So what does a bicycle-friendly community look like? Assessment of the cycling environment is typically done around the “5 E’s”: engineering, education, encouragement, enforcement and evaluation and planning. These indicators address the range of needs to accommodate cycling.

Engineering refers to on-the-ground facilities and infrastructure. Good cycling facilities are carefully planned, designed and maintained to accommodate bicycles safely, conveniently and comfortably. A well-planned cycling network has good connectivity between routes and destinations, as well as things like secure bike parking and bike racks on buses to provide inter-modal connections. Facilities could include on-road accommodations such as designated bike lanes, separated cycle tracks or paved shoulders, or off-road paths and trails. There are also innovative design treatments such as bike boxes, which provide a designated space for cyclists to wait at an intersection, separated from cars.

greenbikelane
Green bike lane being installed in Thunder Bay


Education needs to address both cyclists and motorists to ensure that they know how to safely share the road. The goal of public education programs is to increase the knowledge and awareness of all road users on their rights and responsibilities, as well as to build practical skills. Education initiatives can include cycling skills workshops, share the road campaigns and tip sheets.

sharetheroad

Share the road promotion – an example of education


Encouragement initiatives are intended to get more people on bikes and to normalize cycling as a viable activity for both transportation and recreation. While it may be true that “if you build it, they will come”, many people still need encouragement to get rolling. Encouragement includes promoting the benefits of cycling, and of places and opportunities to cycle. Initiatives such as the Commuter Challenge, Active and Safe Routes to School and SMART Trips give information and incentives to support and encourage people to cycle more often. Cycling maps, signage and clubs are also ways that communities encourage cycling.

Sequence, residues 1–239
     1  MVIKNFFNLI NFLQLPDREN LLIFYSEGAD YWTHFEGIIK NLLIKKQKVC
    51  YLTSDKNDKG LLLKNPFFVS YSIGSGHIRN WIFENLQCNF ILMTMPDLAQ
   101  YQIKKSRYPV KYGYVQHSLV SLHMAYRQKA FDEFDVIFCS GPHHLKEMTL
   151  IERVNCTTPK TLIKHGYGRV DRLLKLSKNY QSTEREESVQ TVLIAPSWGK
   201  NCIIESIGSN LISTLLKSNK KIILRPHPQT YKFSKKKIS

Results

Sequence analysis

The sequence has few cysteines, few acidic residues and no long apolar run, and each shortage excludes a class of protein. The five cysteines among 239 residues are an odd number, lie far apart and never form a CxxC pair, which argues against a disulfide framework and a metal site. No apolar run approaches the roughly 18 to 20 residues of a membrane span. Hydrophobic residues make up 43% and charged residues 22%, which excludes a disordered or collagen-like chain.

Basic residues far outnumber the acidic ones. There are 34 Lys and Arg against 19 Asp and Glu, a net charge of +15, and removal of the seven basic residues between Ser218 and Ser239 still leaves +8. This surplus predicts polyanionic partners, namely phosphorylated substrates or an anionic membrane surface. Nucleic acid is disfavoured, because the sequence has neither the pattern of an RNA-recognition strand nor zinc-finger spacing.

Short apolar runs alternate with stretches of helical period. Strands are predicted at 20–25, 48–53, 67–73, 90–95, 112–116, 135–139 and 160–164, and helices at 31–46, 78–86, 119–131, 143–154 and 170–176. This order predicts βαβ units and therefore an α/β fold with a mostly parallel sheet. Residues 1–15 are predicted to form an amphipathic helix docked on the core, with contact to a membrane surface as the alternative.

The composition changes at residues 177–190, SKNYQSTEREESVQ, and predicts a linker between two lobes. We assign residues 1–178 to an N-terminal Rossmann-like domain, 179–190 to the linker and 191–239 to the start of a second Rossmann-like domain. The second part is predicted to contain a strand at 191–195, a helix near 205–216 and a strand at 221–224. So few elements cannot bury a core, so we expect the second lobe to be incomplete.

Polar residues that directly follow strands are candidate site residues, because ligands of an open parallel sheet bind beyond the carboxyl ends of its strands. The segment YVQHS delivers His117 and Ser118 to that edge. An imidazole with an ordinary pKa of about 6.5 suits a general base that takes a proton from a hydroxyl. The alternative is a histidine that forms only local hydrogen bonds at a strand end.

Enforcement ensures that all road users follow the rules of the road and share the road safely. In addition to traditional methods such as issuing tickets and fines, enforcement can also include education and public relations programs that remind cyclists and motorists of their responsibilities under the law. Recent updates to the Highway Traffic Act are intended to improve safety for cyclists, including the requirement for motorists to leave at least 1 metre of space when passing a cyclist, increased fines for dooring a cyclist and increased fines for cyclists who don’t use lights when needed.

Evaluation and planning refers to having systems in place to evaluate current activities and programs, and planning for the future. Becoming a more bicycle-friendly community is a process that requires ongoing measurement and monitoring in order to identify and meet future needs. The amount of cycling taking place, rate of crashes, and economic impact are all aspects of tracking progress. The development of a Cycling Master Plan is a key tool for planning, implementation and evaluation.

Plus a ‘P’: Partnerships

Cycling has multiple benefits for communities and can help address many issues including health, economic development, environment, sustainability and equity. Potential partners who have an interest in cycling include municipalities, public health, law enforcement, schools, community organizations, cycling clubs and committees, workplaces, business community, tourism and economic development, trails and environmental groups. Different partners have different skills, knowledge and resources; no one group can do it completely on its own.